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Boating Safety and Safety Equipment

With the weather improving, it’s time to take your boat out and enjoy it. But there are a few safety items you should consider checking before heading out!

When was the last time you checked your fire extinguishers? Have they been serviced or replaced in the past year? What about your signal flares? Are they stored in a dry, but accessible place? Dry and accessible also applies to your first aid kit. Did you use the last bandage and haven’t replenished? If you don’t wear them prior to departure, are your life jackets (PFDs) in an accessible place? Do you have enough of them for everyone on board? What about a dedicated “throwable” floatation device in your cockpit to help someone who has found themselves suddenly overboard? All these items, and more, shouldn’t be overlooked before you head offshore.

Something that I recently installed in my boat’s galley is a kitchen fire blanket. I keep it hanging inside a cabinet near the stove, and in the event of a stove-top fire, the quick deployment of the fire blanket could save me from a big mess to clean up, or maybe even save my boat! I’ve never wanted to discharge a dry-chemical fire extinguisher inside a boat because the dry chemical gets into everything. I have experienced this and it wasn’t pretty! The fire blanket can be used on any type of fire, so it seems a reasonable addition to my safety equipment onboard. There are several on the market, but the ones I bought have a 9.9 “best” rating and are made by a U.S. company, Prepared Hero. For $20, it seems a fairly good deal. Quick deployment, reusable (so long as you don’t poke holes in it), and a firefighter friend highly recommended it to me. I bought four of them because I keep one in my kitchen at home, and I keep another one handy when I’m grilling outside. You can get them on Amazon, or pick one up at Home Depot or Lowes.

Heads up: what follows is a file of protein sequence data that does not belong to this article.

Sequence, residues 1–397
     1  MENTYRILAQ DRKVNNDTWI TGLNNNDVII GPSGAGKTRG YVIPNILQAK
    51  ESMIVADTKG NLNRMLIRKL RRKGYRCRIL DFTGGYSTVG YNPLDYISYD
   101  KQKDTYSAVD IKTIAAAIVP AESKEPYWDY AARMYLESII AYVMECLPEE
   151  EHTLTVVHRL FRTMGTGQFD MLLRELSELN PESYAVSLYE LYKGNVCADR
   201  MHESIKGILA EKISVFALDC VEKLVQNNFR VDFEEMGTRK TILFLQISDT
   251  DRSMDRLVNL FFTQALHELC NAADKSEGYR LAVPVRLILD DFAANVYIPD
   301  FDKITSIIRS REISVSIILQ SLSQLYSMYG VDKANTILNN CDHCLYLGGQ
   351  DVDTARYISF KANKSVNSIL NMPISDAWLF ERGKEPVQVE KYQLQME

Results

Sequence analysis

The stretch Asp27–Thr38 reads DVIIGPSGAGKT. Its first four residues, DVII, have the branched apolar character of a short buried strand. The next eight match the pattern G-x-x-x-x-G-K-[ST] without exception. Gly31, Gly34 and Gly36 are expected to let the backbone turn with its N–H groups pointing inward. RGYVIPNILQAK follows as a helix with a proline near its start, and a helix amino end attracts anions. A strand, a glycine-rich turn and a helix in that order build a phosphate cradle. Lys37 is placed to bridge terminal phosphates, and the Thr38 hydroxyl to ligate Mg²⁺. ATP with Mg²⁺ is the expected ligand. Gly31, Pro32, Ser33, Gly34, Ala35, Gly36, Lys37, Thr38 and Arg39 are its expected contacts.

Signal flares are another item that require annual inspection. If they are stored in a damp location, they likely won’t work when you need them. Boating “pyrotechnics” do have an expiration date. Most hazardous waste collection sites will take your old ones, so please don’t toss them in the dumpster! Follow the expiration dates on the devices and have a current kit onboard. Also, it would be a good idea to review the instructions on each type of signal pyrotechnic device you have in your kit BEFORE you need to use it. Always aim these devices away from you, or anyone else, if you need to light one off. They can burn a hole in just about anything, so be careful with these things.

Have a fun sailing and boating season, and remember to be safe out there. As Captain Ron said, “If it’s gonna happen, it’s gonna happen out there”.

Port Captain, Mark Jensen